Jones raises what he thinks are suitable economic policies and slogans. He states that Labour needs to be ‘The party of investment. The party of growth. The party of opportunity.’ Are these enough though to solve the crisis that working class people face?

The Socialist Party believes that we do not need platitudes but firm and bold socialist policies. We do think that Jeremy and John McDonnell need to go further. It is a great step forward that Jeremy today talked about bringing the whole NHS in to public ownership. But let’s not stop there. There needs to be widespread public ownership including of the banks, financial houses and major industries so we can start to plan the economy in the interests of ordinary people, so we can truly get the fair society that everyone in the Corbyn movement wants to see. That means breaking with capitalism and fighting for socialism. We outlined our position in this article.

A fighting, socialist Labour Party could play a key role in that but it won’t be achieved with the strategy put forward by Owen Jones. The time is not for compromise with the representatives of the establishment in the Labour Party, the time is for mandatory reselection and bold socialist policies.

If you agree with us or want to discuss further, please fill in the form below!

Socialist Party statement on the Livingstone suspension

Socialist Party statement on the Livingstone suspension: ‘Slow coup’ against Jeremy Corbyn

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Ken and Jeremy (picture from the Huffington Post)

By Hannah Sell, deputy general secretary of the Socialist Party. Hannah will be speaking at this event in May, in Coventry
The furore around charges of anti-Semitism engulfing the Labour Party is, in reality, an orchestrated and cynical new stage of the campaign by the right-wing pro-capitalist wing of the Labour Party to try and prepare the ground for ditching Jeremy Corbyn at the earliest possible opportunity.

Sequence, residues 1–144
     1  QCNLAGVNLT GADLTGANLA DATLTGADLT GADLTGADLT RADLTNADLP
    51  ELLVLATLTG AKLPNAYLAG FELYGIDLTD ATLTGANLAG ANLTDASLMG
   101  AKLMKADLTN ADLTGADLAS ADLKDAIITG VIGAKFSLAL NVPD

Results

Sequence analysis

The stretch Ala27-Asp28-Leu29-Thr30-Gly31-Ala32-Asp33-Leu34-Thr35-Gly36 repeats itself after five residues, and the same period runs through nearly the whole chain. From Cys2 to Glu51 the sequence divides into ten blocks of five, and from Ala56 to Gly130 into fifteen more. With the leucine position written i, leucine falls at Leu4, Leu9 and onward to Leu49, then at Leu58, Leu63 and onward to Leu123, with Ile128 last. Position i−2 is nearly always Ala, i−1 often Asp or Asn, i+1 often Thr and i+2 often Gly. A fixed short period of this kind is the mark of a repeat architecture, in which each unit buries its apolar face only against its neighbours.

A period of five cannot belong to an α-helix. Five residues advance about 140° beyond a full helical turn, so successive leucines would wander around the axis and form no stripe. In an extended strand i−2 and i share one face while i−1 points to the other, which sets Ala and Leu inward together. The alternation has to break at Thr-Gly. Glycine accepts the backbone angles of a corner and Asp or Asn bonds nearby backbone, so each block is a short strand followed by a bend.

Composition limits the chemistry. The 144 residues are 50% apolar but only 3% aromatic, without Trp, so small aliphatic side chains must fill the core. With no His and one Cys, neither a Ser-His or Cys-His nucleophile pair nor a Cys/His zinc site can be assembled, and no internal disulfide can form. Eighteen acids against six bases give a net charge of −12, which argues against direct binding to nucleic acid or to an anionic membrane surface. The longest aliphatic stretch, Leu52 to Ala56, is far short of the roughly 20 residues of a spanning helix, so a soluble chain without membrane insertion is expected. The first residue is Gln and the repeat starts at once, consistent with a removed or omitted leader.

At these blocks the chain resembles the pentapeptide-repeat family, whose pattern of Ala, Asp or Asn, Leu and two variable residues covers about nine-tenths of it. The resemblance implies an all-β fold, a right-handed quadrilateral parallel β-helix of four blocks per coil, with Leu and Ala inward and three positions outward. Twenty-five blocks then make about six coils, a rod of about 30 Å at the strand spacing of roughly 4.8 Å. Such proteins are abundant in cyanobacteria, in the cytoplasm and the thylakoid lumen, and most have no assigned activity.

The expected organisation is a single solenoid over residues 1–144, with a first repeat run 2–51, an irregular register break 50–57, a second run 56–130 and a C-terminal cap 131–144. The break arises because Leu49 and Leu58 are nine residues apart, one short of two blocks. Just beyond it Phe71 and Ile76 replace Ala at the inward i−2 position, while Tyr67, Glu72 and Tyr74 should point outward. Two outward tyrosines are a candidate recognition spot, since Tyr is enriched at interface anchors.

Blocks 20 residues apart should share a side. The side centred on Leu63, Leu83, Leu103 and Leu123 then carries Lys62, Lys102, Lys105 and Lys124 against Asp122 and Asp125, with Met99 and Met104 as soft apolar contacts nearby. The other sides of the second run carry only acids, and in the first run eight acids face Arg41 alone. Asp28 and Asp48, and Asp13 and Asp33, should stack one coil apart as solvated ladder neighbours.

It is not possible to tell what the timescale will be, but this has all the hallmarks of a slow coup.

Iain Watson, the BBC’s Political Correspondent, reports a Labour MP telling him a week before this broke publicly that: “There is a lot more in this anti-Semitism issue – a lot more. And the people we will take out are all close to Corbyn.”

Jeremy Corbyn was elected less than a year ago by a landslide; having enthused hundreds of thousands of people with his anti-austerity policies.

The Blairites were trounced and these 4.5%ers were horrified at the prospect of Labour – a party whose leadership had loyally acted in the interests of big business for decades – being reclaimed by the working class.

Backed to the hilt by big business and the right-wing media, they are dedicating all their time and energy into once again making Labour a party that can be relied on to act in the interests of the 1%.

Compromise no solution

As we have repeatedly warned, no amount of attempts to compromise with the right wing that dominates the parliamentary Labour Party will pacify them.

On the contrary it only emboldens them. Nor are there any limits to the levels they will stoop to. MPs like Jess Phillips, who declared she would happily knife Jeremy Corbyn in the front, or John Mann, who has attempted to discredit Corbyn with the most scurrilous lies since the moment his name appeared on the ballot paper, will be prepared to use any means necessary to achieve their goal.

Hence an attempt is being made to equate criticism of the right-wing Israeli government with anti-Semitism and to smear the whole of the left with the charge.

This has included an outrageous attempt to smear the Militant, now the Socialist Party. The slur was made on Newsnight by former leading SDP member Baroness Neuberger.

She has since admitted that she has ‘no written evidence’ but based her accusation on the reports of ‘personal friends/acquaintances’! In fact Militant (and now the Socialist Party) has always fought against anti-Semitism and all forms of racism, and has a very longstanding position of supporting the right of two states – Israel and Palestine – to exist side by side, which would be possible on a socialist basis.

We have a sister organisation in Israel Palestine that takes the same stance and heroically campaigns against the Israeli government.

Unfortunately, this is not the position of many others on the left. We would criticise Ken Livingstone for his crass remarks mentioning Zionism and Hitler, which were greeted with glee by the right wing because they gave them an opportunity to step up their attack.

However, Jeremy Corbyn made a mistake when, rather than just making clear his disagreement with Livingstone’s remarks, he acceded to the frenzied demands of the right to suspend him from the party.